For U.S. stock markets, 2004 was a tug of war between bulls and bears. But by the end of the year, the bulls seemed firmly in control. The Dow Jones industrial average ended the...

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For U.S. stock markets, 2004 was a tug of war between bulls and bears. But by the end of the year, the bulls seemed firmly in control.

The Dow Jones industrial average ended the year at 10,783.01, up just 3.2 percent on the year but a more impressive 7 percent in the fourth quarter. The Standard & Poor’s 500, a broader market gauge than the Dow, finished at 1,211.92, up 9 percent on the year with an 8.7 percent gain in the last quarter.

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As those figures suggest, nearly all of 2004’s gains came at the end of the year. Until about two months ago, the market had oscillated between small losses and even smaller gains; the S&P 500, for example, didn’t stray more than 4.5 percent from where it started the year until November.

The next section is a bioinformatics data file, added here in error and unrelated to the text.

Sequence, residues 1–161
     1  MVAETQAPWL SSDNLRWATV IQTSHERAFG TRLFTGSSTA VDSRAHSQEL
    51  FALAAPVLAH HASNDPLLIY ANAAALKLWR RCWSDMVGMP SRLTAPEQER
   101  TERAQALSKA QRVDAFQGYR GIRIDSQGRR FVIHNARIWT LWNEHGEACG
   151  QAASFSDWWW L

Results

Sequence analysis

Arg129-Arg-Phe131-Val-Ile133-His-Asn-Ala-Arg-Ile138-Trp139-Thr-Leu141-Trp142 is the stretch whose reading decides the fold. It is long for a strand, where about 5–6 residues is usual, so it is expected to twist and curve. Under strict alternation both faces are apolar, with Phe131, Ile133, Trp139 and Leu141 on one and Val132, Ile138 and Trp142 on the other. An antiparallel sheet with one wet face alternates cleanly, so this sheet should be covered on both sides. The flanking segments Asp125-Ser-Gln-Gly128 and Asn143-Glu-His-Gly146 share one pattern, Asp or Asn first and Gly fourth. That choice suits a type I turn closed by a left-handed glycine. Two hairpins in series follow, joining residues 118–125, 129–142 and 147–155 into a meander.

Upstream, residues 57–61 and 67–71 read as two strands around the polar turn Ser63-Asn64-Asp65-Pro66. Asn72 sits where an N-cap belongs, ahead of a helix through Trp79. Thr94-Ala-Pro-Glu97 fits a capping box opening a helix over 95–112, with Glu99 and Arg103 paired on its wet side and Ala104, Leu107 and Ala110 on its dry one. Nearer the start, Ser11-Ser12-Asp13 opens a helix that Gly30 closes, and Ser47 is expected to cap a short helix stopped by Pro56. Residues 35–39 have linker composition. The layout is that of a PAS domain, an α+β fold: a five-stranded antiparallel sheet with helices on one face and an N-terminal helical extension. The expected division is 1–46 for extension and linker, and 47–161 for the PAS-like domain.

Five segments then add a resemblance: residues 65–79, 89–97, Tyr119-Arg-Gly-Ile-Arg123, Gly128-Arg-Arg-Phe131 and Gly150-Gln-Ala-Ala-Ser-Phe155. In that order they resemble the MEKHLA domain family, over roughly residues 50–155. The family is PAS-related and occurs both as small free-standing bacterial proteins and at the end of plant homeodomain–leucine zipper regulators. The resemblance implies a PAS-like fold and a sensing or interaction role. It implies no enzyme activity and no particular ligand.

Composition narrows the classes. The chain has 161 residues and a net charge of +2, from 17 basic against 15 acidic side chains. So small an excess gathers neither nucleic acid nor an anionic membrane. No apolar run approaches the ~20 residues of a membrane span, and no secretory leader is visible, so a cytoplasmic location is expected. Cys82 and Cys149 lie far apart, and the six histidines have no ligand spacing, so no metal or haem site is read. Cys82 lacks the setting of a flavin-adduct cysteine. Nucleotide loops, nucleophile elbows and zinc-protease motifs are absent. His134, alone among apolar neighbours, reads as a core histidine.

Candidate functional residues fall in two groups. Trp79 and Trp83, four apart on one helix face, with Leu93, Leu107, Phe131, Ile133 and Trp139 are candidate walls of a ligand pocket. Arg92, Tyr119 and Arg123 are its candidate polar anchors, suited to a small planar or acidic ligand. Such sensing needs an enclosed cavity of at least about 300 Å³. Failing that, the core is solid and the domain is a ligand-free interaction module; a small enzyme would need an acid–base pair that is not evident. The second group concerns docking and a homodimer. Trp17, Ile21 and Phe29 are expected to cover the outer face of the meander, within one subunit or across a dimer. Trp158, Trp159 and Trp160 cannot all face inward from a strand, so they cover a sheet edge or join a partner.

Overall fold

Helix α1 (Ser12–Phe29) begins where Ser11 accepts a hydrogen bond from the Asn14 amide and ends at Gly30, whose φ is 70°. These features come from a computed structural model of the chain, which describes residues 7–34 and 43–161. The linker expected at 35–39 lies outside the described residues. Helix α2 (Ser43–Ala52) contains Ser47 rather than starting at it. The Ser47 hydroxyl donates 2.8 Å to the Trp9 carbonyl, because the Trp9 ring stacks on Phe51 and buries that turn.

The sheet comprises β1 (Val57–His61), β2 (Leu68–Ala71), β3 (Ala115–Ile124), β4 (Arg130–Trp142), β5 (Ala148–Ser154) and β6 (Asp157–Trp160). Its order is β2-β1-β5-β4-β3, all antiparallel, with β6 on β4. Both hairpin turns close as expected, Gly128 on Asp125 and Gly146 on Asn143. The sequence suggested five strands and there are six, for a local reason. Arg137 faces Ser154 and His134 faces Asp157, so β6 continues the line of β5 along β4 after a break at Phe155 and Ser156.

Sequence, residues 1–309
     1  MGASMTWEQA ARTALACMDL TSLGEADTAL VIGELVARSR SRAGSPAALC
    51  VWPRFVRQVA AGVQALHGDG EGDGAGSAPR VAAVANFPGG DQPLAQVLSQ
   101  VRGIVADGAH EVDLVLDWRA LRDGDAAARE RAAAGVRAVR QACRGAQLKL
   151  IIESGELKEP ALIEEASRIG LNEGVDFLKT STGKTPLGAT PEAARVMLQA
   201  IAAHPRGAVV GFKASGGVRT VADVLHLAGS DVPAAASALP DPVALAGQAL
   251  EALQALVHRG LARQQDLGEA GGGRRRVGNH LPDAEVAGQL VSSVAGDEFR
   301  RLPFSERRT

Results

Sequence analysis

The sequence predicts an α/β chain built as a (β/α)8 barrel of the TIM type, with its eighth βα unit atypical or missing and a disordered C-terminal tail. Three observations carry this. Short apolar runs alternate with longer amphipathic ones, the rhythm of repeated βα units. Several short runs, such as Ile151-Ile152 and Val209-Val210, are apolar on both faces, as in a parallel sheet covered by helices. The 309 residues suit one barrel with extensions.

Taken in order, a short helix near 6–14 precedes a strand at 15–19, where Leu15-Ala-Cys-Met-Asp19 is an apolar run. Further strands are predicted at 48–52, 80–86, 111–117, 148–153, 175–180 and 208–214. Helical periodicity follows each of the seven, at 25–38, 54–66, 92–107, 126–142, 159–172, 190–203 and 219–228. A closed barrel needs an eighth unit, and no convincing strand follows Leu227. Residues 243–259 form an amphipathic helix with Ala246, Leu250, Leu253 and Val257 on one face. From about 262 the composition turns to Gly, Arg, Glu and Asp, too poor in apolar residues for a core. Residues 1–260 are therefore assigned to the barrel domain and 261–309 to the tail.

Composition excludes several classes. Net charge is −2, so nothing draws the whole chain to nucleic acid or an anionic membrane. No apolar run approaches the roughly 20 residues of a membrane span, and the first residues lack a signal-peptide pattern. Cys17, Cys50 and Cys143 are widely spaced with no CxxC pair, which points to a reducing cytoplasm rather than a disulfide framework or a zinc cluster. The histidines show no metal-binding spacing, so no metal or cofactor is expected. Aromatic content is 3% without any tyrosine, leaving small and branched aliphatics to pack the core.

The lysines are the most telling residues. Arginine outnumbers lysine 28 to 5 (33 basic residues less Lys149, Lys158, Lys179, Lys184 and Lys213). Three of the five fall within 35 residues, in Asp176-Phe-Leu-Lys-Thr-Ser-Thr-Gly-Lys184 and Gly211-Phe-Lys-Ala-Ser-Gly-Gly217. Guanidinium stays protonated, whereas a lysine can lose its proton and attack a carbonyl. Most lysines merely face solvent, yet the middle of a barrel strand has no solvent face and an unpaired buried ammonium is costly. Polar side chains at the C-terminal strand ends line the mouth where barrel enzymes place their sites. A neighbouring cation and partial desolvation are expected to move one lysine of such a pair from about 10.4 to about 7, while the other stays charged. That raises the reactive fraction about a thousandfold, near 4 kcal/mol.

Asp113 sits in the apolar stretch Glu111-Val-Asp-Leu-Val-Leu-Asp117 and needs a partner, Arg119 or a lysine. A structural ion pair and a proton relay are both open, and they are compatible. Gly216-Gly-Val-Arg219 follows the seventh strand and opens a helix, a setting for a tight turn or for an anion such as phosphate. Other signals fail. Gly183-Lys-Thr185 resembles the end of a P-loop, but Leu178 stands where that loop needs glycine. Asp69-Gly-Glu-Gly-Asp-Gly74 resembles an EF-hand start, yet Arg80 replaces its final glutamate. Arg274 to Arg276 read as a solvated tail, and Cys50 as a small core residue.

Why? The investment community was split almost evenly between bulls and bears. Bulls focused on continued productivity gains, solid corporate profits, robust consumer spending and interest rates that remained at historically low levels. Bears, meanwhile, pointed to soaring oil prices, the weakening U.S. dollar and continued turmoil in Iraq and the rest of the Middle East.

If all that sounds a bit like the presidential campaign, it should. The bitterly contested race — and the prospect that it could be as close as in 2000 — arguably was the biggest cloud hovering over the markets last year.

“There was so much uncertainty — the election was so close — and the market doesn’t like uncertainty,” said Bill Whitlow, portfolio manager at Davidson Investment Advisors in Seattle.

The election resolved much of that uncertainly, and the markets took off. Through Election Day, the S&P was up 1.6 percent; since then, it’s gained 7 percent. The Nasdaq index, down 1 percent through Election Day, is up 9.6 percent since then; it finished 2004 at 2,175.44.

DAVID KARP / BLOOMBERG NEWS

Trading Assistant John Urbanowicz readies for 2005 by donning gag glasses on the floor of the New York Stock Exchange yesterday.

Oil prices, which peaked on Oct. 22 and have fallen about 23 percent since, also cheered investors — many of whom had feared that oil would hit $60 or even $70 a barrel.